4 Informing Each Other wise, research today in biotechnology could play a similar role. However, if this was truly important to IS academics, the distinction between basic and applied research would be more formally established. Also, if there did exist a category of basic research, one could again expect more evidence of a cumulative tradition in certain basic research areas. There is further compelling evidence that reaching a student, or indeed a practitioner, audience is quite a remote concern for IS researchers. As already mentioned, conference proceedings, with their short publication life-cycle and constant updating of research themes, represent a very good opportunity for disseminating relevant research in a timely fashion to both students and practitioners. However, these proceedings are printed in very limited print-runs by leading publishers who apply very strict copyright policies. The proceedings are ridiculously expensive ($150 per copy is not unusual), which clearly makes them unattractive to both students and practitioners. It would seem to be a simple matter to use print production companies, or the Internet, to disseminate low-cost copies. However, the principal argument for using established publishers with their exorbitant prices is that these publishers are able to fulfil recurring orders from university libraries around the world, thus ensuring that these proceedings are available for other academic researchers. Relevance to Other Academics? Since IS researchers do not seem to strive to make their research relevant to practitioners or students, another obvious audience is other academics. Here, there is plenty of evidence of a quest for relevance. The whole canon of received wisdom on how to construct papers suggests that suitable homage be paid to previous research, even if it is only briefly to acknowledge the muddled fumblings of others. Also, the first and principal reviewers of these papers are other academics, so pleasing this audience is important, often to the extent of employing the well-established tactics of citing the work of those who are potential reviewers or editors, and citing work from the journal to which the research paper is being submitted. Citation analysis has been elevated to a scientific form. Sophisticated analyses to see how many others have cited a piece of work are conducted and used as part of tenure and promotion applications. As a result, eliciting citations from other academics is a very important task. Also, since the citation is the important part, there is much superficial and transitive referencing whereby researchers provide blanket references to a whole stream of research. Also, it is a circular phenomenon since certain seminal papers will be routinely cited, often perhaps without being actually read. Thus, there is much shallow knowledge of what the main papers relating to a particular topic are, but the deep knowledge of the content of these papers is by no means guaranteed. Impact on practice is not really considered. Rather, academics submit papers to conferences and journals at great personal cost, provide reviewing services for free, and then pay exorbitant sums of money for the privilege of reading these journals and conference proceedings. All this from the intelligentsia who can teach business strategy! The model which can explain the apparently illogical behaviour of academics best arises in the economics of reputation signalling incentives (Lerner and Tirole, 2000). Summarising very briefly, signalling incentives is an umbrella term capturing both career concern and ego gratification incentives. The career concern incentive relates to the fact that academic researchers enhance future job prospects for tenure and promotion by publishing their work in scholarly journals. These publications are the principal criterion for career advancement. The ego gratification incentive is premised on peer recognition, which is very highly valued. Thus, research is pursued as an end itself, becoming a kind of hobby which is intrinsically satisfying. Also, the sense of belonging to a community is gratifying and fulfils basic human needs. The academic community with its often undocumented norms and taboos becomes a closed system in which relatively pointless research can be pursued and published ad infinitum. In such a system, the age-old problem of means-ends inversion occurs, in that rather than conducting and publishing research (the means) with a view to addressing some relevant research problem (the end), publishing the research becomes an end in itself, and its practical usefulness is forgotten about. 16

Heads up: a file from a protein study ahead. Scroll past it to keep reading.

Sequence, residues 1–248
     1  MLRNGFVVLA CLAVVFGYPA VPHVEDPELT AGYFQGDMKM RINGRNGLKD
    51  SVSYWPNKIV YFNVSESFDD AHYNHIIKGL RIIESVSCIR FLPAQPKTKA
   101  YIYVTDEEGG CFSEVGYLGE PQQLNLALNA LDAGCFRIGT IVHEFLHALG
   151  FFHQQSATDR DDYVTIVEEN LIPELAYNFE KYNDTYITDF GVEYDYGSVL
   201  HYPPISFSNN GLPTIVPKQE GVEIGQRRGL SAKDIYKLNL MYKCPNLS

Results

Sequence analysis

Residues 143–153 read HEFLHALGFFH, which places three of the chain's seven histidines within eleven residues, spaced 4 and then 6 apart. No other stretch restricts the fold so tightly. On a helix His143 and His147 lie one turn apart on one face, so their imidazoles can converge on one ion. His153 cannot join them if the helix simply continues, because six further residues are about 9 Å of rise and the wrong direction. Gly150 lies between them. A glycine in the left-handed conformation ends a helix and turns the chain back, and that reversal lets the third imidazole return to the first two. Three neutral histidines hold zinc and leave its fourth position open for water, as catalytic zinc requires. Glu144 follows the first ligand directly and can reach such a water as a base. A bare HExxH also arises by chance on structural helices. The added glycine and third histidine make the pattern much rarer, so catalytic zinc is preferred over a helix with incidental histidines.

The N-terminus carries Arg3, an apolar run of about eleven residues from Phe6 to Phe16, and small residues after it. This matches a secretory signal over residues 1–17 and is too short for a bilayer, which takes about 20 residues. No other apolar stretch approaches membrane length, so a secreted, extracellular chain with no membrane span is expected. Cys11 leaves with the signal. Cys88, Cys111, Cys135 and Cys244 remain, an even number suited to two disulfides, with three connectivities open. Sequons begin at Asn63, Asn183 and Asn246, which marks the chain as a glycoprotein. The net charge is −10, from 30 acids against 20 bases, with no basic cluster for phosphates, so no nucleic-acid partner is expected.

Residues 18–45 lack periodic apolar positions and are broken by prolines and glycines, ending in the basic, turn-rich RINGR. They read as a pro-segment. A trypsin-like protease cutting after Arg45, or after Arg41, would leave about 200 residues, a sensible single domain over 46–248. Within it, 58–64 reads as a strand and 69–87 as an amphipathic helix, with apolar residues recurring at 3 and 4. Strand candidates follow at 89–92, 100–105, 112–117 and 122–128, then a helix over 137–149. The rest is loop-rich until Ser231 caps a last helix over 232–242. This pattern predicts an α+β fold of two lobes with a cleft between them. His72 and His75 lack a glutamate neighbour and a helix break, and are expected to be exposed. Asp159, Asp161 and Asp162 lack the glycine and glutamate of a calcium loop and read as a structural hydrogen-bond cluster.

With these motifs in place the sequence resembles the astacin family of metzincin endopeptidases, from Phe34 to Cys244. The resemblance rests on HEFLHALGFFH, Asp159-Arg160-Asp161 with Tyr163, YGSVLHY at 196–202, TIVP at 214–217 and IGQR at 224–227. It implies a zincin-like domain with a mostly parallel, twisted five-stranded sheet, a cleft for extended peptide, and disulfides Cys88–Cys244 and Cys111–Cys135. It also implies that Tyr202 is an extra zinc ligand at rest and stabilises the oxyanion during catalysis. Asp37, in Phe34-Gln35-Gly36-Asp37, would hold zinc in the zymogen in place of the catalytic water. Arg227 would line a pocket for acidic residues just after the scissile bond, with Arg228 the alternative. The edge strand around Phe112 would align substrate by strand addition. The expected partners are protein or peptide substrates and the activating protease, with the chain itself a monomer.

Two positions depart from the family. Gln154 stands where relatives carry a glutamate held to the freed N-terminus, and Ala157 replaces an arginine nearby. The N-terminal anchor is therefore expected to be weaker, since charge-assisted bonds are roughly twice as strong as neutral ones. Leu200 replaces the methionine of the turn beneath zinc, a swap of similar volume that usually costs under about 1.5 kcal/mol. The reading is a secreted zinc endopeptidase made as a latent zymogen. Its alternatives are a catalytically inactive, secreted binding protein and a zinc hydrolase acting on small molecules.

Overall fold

5 Fitzgerald Also, as a direct consequence of the career concern incentive, it is a more adaptive strategy to publish as frequently as possible. Slightly different papers, often with merely a change of title, are disseminated in as many outlets as possible. At first glance, this might appear to be a strategy for causing information overload, but most experienced academics understand the publication frequency, and can detect overlaps. Indeed, it is not uncommon for researchers to advise readers as to which of their papers is best in a range of publications that have slightly different titles. However, it is unlikely that students and practitioners understand the nuances of this publishing game. In order to attract research funding to perpetuate this cycle of research, research proposals seeking funding are submitted to large and remote bureaucratic bodies. The decision makers who review these proposals are frequently other academics; thus, the academic paper is a language they understand. Even when practitioners are part of the reviewing body for these funding submissions, the academic language is not a neutral factor; rather, the persuasive and authoritative rhetoric is hard to discount, and the practitioner reviewer perhaps believes that there is real substance to the proposal, even if he or she cannot readily detect it. Papers in this Series The paper by Lang, Communicating Academic Research Findings to IS Professionals: An Analysis of Problems, begins from the premise that research findings often do not have direct or immediate relevance to IS professionals in industry, and should not be expected to find a contemporary receptive aud i- ence. He offers some examples of this. However, he goes on to argue that the traditional mechanisms whereby academic researchers actually disseminate their work are prone to numerous communication breakdowns. He identifies three major problems, namely, the choice of dissemination channels, language barriers, and the alienation of academia from industry. He also suggests some practical recommendations for how each of these may be ameliorated to some extent. The paper by Moody, Using the World Wide Web to Connect Research and Professional Practice: Towards Evidence-Based Practice, also identifies the long time delay in the dissemination of research findings into practice, a process in which some findings are inevitably lost. Moody identifies causes in both the demand side and supply side. He draws on concepts from the domain of knowledge management to further elucidate the problem. Similarly to Lang, Moody also focuses on the channel of communication between researchers and practitioners, but specifically discusses how information technology can address some of the problems identified. Two case studies are presented to illustrate the arguments. The first discusses the application of evidence-based medicine (EBM) to successfully support medical practitioners in making relevant medical advice available to them in the appropriate time-frame. This gap between research and practice in IS is considered to be analogous and the application of an EBM approach to address this is considered in the context of a joint project involving Monash University and the Australian Computer Society. In their paper, Regional IS Knowledge Networks: Elaborating the Theme of Relevance of IS Research, Söderström and Nordström, elaborate on the notion of relevance to whom, and identify a larger dimension, that of a geographic region, which should be considered. Drawing on the American pragmatism literature, they put forward the notion of a regional IS knowledge network and argue that this can achieve the two important goals of making IS researchers more aware of IS practice, and also of making IS practitioners more aware of IS research. While the first two papers in this issue deal with fairly high-level conceptualizations of the problem of the research-practice gap, this paper is more specific in its focus on actions that have already been taken, one of which was the design of a Masters program specifically suited to the needs of the region. They identify five important aspects which characterize the regional knowledge network: (1) the creation of knowledge is in focus, (2) there must be a working transfer of knowledge in both directions between researchers and practitioners within the network, 17